MODEL represents the value predicted by the model, which should be compared to SDPPP. The columns have been arranged left to right (starting with SPOTPPPI) in order of importance in the model.

 RANK TEAM PPP SDPPP MODEL SPOTPPPI REBPPPI TRANSPPPI TRANSRATE ISOPPPI POSTPPPI OTHERPPPI ISORATE 1 DEN 0.99 1.63 1.54 1.99 0.23 0.05 1.30 0.49 0.98 0.61 2.21 2 MIA 0.98 1.32 1.39 0.79 -0.16 1.77 0.27 1.81 0.37 0.44 0.12 3 DAL 0.98 1.32 1.43 1.48 -1.12 -0.44 0.14 1.37 2.36 0.61 -1.45 4 SAS 0.98 1.32 1.33 1.30 0.43 0.54 -0.34 1.37 -0.09 0.28 -1.15 5 PHO 0.98 1.32 1.29 1.65 1.01 -0.93 0.00 -0.84 0.37 1.75 -1.22 6 NYK 0.97 1.00 0.90 0.79 0.04 -0.44 0.69 1.15 1.44 0.44 1.26 7 HOU 0.97 1.00 1.40 1.65 -0.74 0.54 0.41 0.93 0.37 1.42 0.04 8 OKC 0.97 1.00 0.85 -0.24 0.62 1.52 0.69 0.71 -1.47 3.06 0.99 9 LAL 0.96 0.69 0.37 0.27 1.20 -0.69 -1.30 1.37 0.98 0.28 1.03 10 BOS 0.96 0.69 0.61 -0.58 0.81 0.79 0.62 0.49 0.83 -0.70 -1.34 11 GSW 0.95 0.38 0.02 1.13 -1.90 1.28 0.69 0.27 -1.63 -0.87 0.76 12 UTA 0.95 0.38 0.26 -0.41 0.04 0.54 0.75 0.27 0.98 -1.36 -0.92 13 ORL 0.95 0.38 0.26 0.79 2.17 -2.41 -1.30 -0.18 0.68 -1.20 -1.87 14 CHI 0.94 0.06 0.03 -0.76 0.62 0.79 -0.41 1.59 -0.86 -0.87 -1.03 15 PHI 0.94 0.06 0.20 -0.76 -0.54 1.03 1.30 -0.40 0.98 0.93 0.73 16 ATL 0.94 0.06 -0.13 0.10 1.20 -0.20 -0.55 -0.62 0.06 -0.70 0.76 17 NOH 0.93 -0.25 0.07 -0.24 0.23 1.28 -1.78 0.49 0.37 0.44 0.04 18 DET 0.93 -0.25 -0.26 0.45 0.43 -0.44 -0.07 0.04 -1.01 -0.70 1.30 19 MEM 0.93 -0.25 0.01 -1.44 1.78 0.54 0.07 -0.18 0.37 -0.05 -0.53 20 POR 0.93 -0.25 -0.54 -0.76 -0.74 1.28 -1.51 -1.06 0.06 0.93 -1.15 21 TOR 0.92 -0.56 -0.63 -1.44 -0.16 -0.20 0.96 0.27 0.52 -1.03 -0.04 22 CHA 0.91 -0.88 -0.70 -0.93 1.40 0.30 -1.16 -0.62 0.06 -1.20 0.57 23 IND 0.91 -0.88 -0.76 -0.76 -0.54 -0.69 1.16 -0.62 -0.25 -0.87 -0.04 24 NJN 0.91 -0.88 -1.16 -0.58 -1.32 -0.44 -1.37 -0.62 0.22 -0.05 -0.50 25 LAC 0.91 -0.88 -1.05 -1.10 -0.54 -0.20 0.55 -2.16 -0.25 0.12 -0.50 26 MIL 0.89 -1.51 -1.33 -0.41 -1.12 -0.44 -1.71 -0.40 -1.17 -0.05 -0.50 27 MIN 0.89 -1.51 -1.16 0.45 -0.54 -1.18 -1.16 -1.06 -1.01 -1.20 0.23 28 SAC 0.89 -1.51 -1.57 -1.27 -0.74 -0.93 0.75 -1.06 -1.78 0.12 0.65 29 CLE 0.89 -1.51 -1.54 -0.58 -1.32 -1.92 0.75 -1.28 -1.17 -0.21 0.15 30 WAS 0.89 -1.51 -1.27 -0.76 -0.93 -0.69 1.51 -1.28 -1.32 -0.54 1.34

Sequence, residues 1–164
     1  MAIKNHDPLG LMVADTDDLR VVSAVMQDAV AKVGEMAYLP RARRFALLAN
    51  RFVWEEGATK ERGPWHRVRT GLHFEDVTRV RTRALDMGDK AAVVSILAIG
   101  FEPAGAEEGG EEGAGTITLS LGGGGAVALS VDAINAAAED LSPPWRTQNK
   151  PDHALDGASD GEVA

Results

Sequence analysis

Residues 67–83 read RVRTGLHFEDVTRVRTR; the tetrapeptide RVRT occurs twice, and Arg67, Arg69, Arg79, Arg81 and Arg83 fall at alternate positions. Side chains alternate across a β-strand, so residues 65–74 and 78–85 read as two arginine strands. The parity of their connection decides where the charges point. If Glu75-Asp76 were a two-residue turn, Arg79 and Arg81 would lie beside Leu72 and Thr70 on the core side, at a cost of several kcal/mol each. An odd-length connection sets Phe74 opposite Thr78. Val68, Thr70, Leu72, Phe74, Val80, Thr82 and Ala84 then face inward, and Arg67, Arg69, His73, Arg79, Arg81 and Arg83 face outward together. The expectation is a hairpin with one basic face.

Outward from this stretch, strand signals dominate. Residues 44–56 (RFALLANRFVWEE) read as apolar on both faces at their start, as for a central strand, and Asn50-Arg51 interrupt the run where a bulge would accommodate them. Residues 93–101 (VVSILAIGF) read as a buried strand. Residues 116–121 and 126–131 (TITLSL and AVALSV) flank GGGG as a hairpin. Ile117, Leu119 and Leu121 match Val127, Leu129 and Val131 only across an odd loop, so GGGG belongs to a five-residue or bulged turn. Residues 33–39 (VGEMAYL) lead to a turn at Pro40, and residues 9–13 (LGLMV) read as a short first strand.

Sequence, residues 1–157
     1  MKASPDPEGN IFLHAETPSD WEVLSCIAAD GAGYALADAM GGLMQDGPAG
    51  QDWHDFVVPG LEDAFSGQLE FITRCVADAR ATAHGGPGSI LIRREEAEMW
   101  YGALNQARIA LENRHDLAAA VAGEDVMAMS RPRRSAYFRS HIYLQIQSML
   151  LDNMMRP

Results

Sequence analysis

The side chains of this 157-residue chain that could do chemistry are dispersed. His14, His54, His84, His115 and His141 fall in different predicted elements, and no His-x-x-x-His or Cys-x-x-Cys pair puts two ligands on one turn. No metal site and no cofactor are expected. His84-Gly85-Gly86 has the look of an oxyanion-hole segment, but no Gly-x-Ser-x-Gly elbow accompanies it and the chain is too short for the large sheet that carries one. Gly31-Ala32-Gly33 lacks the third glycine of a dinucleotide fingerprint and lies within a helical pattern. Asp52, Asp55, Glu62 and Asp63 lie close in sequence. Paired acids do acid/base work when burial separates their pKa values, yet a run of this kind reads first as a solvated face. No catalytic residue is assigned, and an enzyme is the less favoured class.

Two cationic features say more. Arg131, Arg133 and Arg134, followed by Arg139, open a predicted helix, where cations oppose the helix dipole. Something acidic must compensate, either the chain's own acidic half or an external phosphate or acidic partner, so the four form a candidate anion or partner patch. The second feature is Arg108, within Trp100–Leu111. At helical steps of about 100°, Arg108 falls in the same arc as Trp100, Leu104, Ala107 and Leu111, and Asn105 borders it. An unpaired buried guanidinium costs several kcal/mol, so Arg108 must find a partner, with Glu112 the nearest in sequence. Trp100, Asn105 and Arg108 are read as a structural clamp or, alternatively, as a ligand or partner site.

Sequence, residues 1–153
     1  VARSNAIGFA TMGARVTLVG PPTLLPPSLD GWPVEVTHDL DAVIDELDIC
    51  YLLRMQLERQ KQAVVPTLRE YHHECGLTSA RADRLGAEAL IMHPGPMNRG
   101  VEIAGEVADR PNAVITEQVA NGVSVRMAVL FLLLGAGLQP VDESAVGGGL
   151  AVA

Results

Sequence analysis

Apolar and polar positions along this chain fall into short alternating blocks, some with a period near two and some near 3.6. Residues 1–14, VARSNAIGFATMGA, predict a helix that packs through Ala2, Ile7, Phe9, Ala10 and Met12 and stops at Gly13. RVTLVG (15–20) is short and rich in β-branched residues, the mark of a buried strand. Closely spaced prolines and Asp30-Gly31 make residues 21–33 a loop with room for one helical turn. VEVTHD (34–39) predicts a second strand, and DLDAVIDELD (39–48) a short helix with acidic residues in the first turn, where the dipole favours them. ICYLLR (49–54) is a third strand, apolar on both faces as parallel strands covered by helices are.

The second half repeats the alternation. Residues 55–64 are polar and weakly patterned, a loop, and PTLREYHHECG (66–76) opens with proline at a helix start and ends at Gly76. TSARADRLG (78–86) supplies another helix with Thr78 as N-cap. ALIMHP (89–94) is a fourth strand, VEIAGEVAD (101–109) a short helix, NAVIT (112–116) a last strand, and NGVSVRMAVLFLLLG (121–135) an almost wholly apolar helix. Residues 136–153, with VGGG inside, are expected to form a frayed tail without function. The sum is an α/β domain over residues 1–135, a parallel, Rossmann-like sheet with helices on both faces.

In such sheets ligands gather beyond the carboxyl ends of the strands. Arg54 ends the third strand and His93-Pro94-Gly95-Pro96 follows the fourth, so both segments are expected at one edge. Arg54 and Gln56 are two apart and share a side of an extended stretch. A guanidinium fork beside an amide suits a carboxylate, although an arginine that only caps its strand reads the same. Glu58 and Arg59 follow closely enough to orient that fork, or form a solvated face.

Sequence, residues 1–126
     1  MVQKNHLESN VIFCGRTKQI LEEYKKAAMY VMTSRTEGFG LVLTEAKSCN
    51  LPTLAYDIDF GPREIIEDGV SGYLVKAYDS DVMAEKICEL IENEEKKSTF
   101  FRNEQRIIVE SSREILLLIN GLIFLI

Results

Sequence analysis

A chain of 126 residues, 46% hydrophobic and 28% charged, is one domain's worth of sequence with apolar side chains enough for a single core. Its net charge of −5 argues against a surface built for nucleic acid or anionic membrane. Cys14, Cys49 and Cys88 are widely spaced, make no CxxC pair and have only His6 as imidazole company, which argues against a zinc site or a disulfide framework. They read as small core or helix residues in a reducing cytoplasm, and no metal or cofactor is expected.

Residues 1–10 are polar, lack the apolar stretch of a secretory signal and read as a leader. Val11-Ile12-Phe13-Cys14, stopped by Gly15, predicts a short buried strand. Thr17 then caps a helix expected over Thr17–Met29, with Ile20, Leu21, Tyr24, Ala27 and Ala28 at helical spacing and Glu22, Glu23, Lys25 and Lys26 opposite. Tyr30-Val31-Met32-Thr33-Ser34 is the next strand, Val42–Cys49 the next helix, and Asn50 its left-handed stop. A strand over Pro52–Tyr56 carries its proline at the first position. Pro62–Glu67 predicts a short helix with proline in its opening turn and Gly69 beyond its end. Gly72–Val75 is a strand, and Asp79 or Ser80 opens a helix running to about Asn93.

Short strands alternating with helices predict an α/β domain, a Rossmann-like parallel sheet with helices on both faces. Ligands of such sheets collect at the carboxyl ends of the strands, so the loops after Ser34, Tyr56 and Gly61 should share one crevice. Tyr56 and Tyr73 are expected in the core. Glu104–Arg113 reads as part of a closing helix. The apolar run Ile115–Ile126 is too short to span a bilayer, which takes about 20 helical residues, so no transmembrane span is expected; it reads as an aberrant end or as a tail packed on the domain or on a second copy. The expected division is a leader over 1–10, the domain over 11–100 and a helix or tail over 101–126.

Defense

```Call:
lm(formula = TOT ~ SPOTPPPI + POSTPPPI + BALLPPPI + TRANSPPPI +